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Professor Thomas Harrison is from the University of Liverpool’s School of Archaeology, Classics and Egyptology
“Tonight, the Active Learning Laboratory (the glass Rubik’s Cube above Engineering) is joining other landmark buildings across the world in being lit up blue. This is to mark World Diabetes Day , an annual event that seeks to raise the level of understanding of diabetes, and to raise funds for its treatment and cure.
“My role in arranging this has nothing to do with my professional life. My younger son was diagnosed with Type 1 Diabetes four years ago (this coming Saturday).
Lead a life as unaffected as possible
“I should be clear at the outset. There are many worse conditions than Diabetes. Since Fred Banting, Charles Best and others – in an age before such intense concern with research ethics, in 1922 – discovered insulin by extracting the pancreases of countless dogs, the diagnosis of Type 1 diabetes is not the death sentence it was. The aim of modern treatment is to ensure that those with diabetes should lead a life as unaffected as possible by their condition.
“Nevertheless, Type 1 is both life-shortening and also life-changing in a whole raft of ways.
“Then there is the emotional impact of fluctuations in blood sugar: moments of inconsolable grief, for example, over something infinitesimally small. And the impact on ‘unaffected siblings’, the complexity and depth of which I am only beginning to appreciate four years on.
“One thing I would never have guessed is the social impact: the number of occasions on which children with diabetes are disinvited from play-dates, or never invited to children’s parties in the first place. (Children, by contrast, take it all in their stride.)
“And I have not even touched on the impact of type 2 diabetes, a very different and far more common condition, one with huge implications for the NHS – and on which Liverpool is leading in research terms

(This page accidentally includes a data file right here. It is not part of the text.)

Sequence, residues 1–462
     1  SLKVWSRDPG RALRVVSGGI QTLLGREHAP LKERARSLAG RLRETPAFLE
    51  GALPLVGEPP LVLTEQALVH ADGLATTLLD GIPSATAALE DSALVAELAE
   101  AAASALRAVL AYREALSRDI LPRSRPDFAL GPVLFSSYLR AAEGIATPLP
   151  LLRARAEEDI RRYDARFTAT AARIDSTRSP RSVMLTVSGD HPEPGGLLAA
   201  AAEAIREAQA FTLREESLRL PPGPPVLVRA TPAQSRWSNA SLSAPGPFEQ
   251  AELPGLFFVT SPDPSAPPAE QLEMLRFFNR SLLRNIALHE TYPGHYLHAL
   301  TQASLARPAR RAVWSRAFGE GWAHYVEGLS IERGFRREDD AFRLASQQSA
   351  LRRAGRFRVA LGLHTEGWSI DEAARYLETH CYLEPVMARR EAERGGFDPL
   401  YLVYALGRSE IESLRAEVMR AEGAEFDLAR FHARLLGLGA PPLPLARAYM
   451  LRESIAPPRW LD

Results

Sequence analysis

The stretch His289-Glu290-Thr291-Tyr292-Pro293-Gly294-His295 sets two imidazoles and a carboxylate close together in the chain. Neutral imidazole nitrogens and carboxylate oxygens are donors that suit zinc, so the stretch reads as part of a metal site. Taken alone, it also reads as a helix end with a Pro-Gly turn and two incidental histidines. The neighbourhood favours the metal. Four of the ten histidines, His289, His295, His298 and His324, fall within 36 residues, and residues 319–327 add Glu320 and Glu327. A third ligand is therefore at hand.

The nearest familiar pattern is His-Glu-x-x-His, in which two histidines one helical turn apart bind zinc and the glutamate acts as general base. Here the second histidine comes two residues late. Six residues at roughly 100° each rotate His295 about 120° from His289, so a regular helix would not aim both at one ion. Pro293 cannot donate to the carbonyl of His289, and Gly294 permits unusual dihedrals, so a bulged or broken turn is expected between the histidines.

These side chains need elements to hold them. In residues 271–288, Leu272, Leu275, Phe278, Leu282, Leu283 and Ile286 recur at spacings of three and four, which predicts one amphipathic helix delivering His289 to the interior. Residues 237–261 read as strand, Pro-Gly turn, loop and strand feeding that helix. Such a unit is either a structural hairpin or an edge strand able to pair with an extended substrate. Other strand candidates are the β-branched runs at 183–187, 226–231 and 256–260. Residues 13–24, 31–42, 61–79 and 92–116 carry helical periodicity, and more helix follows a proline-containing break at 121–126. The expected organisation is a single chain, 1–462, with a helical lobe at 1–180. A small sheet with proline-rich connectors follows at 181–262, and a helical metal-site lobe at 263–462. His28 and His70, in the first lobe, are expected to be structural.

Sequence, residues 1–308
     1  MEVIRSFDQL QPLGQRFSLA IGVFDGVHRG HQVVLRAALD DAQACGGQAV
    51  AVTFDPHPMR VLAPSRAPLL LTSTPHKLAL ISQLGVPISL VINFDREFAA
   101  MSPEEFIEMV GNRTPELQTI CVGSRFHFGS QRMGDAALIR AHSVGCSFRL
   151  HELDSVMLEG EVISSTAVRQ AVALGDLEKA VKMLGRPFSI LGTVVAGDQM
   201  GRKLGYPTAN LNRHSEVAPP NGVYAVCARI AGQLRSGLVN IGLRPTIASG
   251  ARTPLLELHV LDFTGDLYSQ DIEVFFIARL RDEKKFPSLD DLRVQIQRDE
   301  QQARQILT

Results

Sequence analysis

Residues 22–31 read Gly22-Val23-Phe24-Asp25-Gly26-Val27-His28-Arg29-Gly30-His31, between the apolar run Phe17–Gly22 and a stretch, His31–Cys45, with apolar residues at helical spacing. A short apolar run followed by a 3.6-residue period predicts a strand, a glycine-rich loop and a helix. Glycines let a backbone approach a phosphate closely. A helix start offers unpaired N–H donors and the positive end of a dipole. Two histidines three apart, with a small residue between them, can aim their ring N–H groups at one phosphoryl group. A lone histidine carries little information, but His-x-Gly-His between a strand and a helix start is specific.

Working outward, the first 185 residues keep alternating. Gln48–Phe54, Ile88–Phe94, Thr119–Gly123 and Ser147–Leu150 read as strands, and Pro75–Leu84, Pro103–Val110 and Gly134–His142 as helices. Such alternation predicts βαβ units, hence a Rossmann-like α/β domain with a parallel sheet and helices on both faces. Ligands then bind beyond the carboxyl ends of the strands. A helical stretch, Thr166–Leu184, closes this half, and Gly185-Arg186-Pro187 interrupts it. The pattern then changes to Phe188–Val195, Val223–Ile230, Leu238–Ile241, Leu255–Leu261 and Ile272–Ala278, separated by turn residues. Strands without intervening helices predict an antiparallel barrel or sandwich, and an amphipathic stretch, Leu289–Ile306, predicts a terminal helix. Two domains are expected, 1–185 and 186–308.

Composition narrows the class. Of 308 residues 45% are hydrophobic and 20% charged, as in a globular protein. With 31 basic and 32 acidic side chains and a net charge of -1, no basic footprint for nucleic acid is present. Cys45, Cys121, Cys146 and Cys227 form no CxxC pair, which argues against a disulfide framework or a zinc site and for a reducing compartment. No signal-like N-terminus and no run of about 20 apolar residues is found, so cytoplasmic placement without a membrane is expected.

“Why raise awareness of diabetes? First, of course, to ease the lives of those who live with the condition through greater understanding. But also for other, more urgent reasons. To ensure that the onset of Type 1 is recognised speedily (before children plunge into a diabetic coma), or that the thousands of those with undiagnosed Type 2 seek treatment before complications develop. And to encourage the research that is both improving treatment and building steadily (like putting together a puzzle, as my son says) towards a cure.
“So, if you notice the Active Learning Laboratory lit up blue, think of it as one of a number of beacons, marking the extraordinary progress of research to date, the effect of that work on countless lives – and the work still to be done.”
Linking in to the International Diabetes Federation campaign, there will be a Diabetes awareness event for staff and students at the Sherrington Building, between 10 am and 2pm today, where a Diabetes Nurse Consultant, together with practice and university health advisors, will provide information about diabetes, its management and general healthy lifestyle advice.
At 4pm the Harrison Hughes Building – the School of Engineering on Ashton Street – will be lit up in blue, to highlight the World Diabetes Day ‘Think Blue: Wear Blue’ campaign, where students will be encouraged to take some exercise, such as a walk , cycle ride, aerobic workout, hula hooping, flash mob or dancing.
For more information about the events today, contact Peta Navein on 07766 814 057.
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